Well, it was never a question of “if”- just of “when.” YFI is now available for deposit and borrows on Aave. This provides a new benefit for YFI holders (to use their YFI as collateral), and may ultimately result in a more efficient market for YFI overall (with the ability to short it).
But with this may come some other consequences. This is by no means an issue yet, but it’s something I’d like folks to think about proactively:
Now that YFI is available for deposit on Aave, it also means that it can be borrowed. This means that a malicious actor (or just an actor with a relatively unpopular agenda among “real” YFI holders) could borrow YFI at the market rate and use it in YFI governance.
Current governance rules do not require any minimum staking period before someone can vote with their YFI tokens. All that exists (I believe) is a 3 day lock-up period on the back end where someone cannot withdraw their YFI after voting. That lockup on the back end is good as it will prevent participants from flash loan participating in YFI governance.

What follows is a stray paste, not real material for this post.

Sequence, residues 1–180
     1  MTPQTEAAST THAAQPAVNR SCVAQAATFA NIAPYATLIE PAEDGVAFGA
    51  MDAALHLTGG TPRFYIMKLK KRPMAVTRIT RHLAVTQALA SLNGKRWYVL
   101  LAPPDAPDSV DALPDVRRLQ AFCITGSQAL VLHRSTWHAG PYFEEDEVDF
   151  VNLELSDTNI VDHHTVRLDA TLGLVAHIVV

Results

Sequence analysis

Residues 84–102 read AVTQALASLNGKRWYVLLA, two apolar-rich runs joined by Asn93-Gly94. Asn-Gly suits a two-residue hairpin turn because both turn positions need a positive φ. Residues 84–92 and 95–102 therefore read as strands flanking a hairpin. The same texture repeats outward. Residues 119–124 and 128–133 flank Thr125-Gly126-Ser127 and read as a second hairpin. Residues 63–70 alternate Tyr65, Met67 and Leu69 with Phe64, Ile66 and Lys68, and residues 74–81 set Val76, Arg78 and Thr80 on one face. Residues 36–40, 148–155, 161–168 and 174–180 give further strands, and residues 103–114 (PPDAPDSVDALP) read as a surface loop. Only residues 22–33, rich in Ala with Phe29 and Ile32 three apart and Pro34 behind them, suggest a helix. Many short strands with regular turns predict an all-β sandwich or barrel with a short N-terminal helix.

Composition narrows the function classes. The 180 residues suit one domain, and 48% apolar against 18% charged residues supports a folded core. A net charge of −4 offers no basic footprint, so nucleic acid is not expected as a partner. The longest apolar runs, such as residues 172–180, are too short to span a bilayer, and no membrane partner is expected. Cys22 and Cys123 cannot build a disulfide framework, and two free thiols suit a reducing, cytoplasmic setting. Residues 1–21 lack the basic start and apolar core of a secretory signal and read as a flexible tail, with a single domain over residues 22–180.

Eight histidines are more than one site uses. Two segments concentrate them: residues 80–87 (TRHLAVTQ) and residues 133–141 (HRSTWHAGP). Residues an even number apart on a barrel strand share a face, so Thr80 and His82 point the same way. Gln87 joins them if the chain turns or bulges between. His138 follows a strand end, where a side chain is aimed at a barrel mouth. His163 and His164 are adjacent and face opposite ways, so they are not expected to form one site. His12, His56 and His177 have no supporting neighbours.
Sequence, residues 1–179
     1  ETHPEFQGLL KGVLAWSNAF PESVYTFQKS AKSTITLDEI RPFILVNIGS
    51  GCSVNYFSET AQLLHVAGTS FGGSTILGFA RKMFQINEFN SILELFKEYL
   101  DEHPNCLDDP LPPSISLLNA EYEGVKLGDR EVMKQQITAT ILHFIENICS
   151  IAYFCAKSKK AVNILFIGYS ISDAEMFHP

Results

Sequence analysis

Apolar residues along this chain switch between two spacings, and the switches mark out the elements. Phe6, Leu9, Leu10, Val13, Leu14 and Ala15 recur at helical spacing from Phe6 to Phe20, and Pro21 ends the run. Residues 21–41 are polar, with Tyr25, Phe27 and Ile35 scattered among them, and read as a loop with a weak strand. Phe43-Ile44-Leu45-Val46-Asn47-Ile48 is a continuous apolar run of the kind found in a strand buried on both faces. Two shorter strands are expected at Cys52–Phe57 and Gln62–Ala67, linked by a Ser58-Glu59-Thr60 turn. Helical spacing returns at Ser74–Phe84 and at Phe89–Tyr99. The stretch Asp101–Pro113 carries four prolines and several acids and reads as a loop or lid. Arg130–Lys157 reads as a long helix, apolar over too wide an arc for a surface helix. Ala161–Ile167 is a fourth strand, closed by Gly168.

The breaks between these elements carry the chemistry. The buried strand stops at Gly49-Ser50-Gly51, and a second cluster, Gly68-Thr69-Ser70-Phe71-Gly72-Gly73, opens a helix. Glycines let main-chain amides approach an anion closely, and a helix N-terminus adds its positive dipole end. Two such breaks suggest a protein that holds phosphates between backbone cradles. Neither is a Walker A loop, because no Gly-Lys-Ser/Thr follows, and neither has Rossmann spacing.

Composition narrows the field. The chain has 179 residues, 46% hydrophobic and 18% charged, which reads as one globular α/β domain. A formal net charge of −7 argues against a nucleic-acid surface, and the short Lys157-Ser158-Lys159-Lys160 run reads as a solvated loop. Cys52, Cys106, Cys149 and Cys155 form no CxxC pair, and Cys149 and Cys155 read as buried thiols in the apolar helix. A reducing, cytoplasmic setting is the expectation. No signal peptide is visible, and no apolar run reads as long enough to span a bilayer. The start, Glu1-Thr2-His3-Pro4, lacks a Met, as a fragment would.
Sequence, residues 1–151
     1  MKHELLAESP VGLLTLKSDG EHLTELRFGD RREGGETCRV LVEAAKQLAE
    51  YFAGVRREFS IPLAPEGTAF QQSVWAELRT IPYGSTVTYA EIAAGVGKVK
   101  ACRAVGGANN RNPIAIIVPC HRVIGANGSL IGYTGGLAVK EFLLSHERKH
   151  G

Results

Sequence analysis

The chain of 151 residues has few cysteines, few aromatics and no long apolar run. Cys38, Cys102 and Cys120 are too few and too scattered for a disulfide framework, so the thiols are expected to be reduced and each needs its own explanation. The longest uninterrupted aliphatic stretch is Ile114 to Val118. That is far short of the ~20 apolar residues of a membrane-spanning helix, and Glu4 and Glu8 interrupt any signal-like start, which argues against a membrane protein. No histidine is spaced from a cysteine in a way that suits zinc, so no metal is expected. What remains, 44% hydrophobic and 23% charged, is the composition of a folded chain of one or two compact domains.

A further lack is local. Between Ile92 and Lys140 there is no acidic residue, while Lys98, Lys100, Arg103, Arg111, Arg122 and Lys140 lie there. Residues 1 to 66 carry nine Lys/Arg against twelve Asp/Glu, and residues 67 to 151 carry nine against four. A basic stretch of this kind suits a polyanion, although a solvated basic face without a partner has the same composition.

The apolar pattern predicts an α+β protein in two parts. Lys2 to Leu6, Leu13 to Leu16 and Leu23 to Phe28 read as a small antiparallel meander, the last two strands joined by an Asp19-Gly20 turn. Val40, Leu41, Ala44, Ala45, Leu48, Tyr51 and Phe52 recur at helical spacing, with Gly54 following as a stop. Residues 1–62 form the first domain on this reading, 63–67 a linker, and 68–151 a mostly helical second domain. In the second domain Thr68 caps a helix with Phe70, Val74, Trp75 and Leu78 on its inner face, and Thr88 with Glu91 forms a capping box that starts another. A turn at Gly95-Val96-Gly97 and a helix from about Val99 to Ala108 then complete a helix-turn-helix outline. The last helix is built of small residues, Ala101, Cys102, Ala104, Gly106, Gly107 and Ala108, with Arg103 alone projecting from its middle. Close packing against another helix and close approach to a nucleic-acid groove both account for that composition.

In looking at recent votes, we seem to have about 2000 to 5000 YFI participating somewhat consistently. We’ll have to see how these Aave markets evolve, but I could see it being possible (at some point) that for an especially close vote, an actor is able to borrow enough YFI to swing the outcome.
To be clear, I don’t view this as an imminent threat, but it’s something we should all monitor carefully and consider options to address if it becomes a problem. Some options might include:
- Require a minimum time tokens are staked before they can be used in a governance vote
- Lengthen the withdrawal period
- Vest additional voting rights or profit rewards the longer tokens are staked in the governance contracts
Each one of these has progressively more severe drawbacks, but we may need to be proactive and consider one or more of these.
EDIT: I totally missed this, but here’s a proposal from Andre which ties to point #3 in possible solutions. I support a solution like this gYFI time weighted voting power distribution.